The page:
This is my first winter with my flock of 8. I plan on wrapping the run in plastic and it has a roof. Tomorrow I will be giving them some fallen leaves to keep them busy while I calculate a plan.
Ha, me to, me to. I’m definitely going to add more ventilation now. Good luck on your first winter, it’ll be great for them to have a covered run
 

Skyla

Chirping
Aug 10, 2017
103
41
94
Northern Wisconsin
I painted the interior of our coop after a couple of months of use, not to weatherproof it but to (1) improve the lighting by using a light color and gloss paint, and (2) to eliminate hiding places for mites by sealing the wood and to make it easier to see mites if we had them.

I wish I’d done it earlier but was keen at the time about the naturalness of the unpainted wood. The painted interior is a huge improvement light-wise, important as we have no electricity there and I’m often in the coop after dark.

You might consider no/low VOC paint. Good luck with your project. It’s going to be grand!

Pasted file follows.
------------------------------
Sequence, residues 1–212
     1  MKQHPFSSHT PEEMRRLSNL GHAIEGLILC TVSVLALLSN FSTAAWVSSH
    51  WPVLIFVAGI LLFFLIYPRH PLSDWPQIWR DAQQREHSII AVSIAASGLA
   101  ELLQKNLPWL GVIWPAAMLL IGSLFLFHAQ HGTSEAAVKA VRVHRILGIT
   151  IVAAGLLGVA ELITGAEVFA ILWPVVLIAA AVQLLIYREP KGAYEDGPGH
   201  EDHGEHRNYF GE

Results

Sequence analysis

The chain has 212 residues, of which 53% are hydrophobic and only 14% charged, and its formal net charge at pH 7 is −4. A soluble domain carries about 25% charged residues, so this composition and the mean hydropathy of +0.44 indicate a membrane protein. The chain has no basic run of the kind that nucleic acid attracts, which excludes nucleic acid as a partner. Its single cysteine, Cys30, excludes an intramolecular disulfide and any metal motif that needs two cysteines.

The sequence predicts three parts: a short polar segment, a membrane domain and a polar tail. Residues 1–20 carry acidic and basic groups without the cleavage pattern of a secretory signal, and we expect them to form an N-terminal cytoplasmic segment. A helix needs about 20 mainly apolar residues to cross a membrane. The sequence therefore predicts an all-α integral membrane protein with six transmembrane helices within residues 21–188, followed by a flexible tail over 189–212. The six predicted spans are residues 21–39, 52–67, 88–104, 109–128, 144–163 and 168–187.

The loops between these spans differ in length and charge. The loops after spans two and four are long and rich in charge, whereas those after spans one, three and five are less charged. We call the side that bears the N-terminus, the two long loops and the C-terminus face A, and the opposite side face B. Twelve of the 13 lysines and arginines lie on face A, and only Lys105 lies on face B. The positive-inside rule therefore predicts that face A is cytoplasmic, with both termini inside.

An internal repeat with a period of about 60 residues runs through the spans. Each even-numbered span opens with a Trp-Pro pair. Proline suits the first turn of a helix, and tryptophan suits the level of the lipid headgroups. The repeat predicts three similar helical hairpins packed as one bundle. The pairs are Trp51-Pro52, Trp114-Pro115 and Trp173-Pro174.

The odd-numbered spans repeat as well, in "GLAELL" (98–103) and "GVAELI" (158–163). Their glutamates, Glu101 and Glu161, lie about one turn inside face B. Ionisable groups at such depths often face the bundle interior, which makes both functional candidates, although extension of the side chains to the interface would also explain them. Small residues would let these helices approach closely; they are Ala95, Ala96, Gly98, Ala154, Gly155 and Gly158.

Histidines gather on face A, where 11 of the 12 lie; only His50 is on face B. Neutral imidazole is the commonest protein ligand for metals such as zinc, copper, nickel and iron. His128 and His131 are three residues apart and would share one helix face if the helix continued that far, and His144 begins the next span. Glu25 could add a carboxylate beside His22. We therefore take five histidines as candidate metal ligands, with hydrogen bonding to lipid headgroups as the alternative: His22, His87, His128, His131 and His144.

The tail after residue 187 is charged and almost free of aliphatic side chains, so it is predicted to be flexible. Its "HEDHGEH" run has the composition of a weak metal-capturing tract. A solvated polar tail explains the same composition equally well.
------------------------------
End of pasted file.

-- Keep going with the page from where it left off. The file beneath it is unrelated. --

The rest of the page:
I ended up sealing it with spar urethane, my old coop I painted white (which I also didn’t want to do to keep the natural wood color) but it definitely lightened it up. With the new coop I did transparent but gloss. I did use a high VOC paint but I’m giving it plenty of time to dry out and cure properly. Thanks for the response!
 

Bonnie-Jean

In the Brooder
Jul 1, 2020
11
15
26
Ha, me to, me to. I’m definitely going to add more ventilation now. Good luck on your first winter, it’ll be great for them to have a covered run
I ended up making a new roost. I had saplings we cut attached to high and they were roosting in front of the vents. They did get a pile of leaves to play with.
I had them in the run and closed the door so I didn't have feathered friends helping. Well the neighbor free ranges and one particular chicken likes me. She came in eating what my flock discarded. So funny.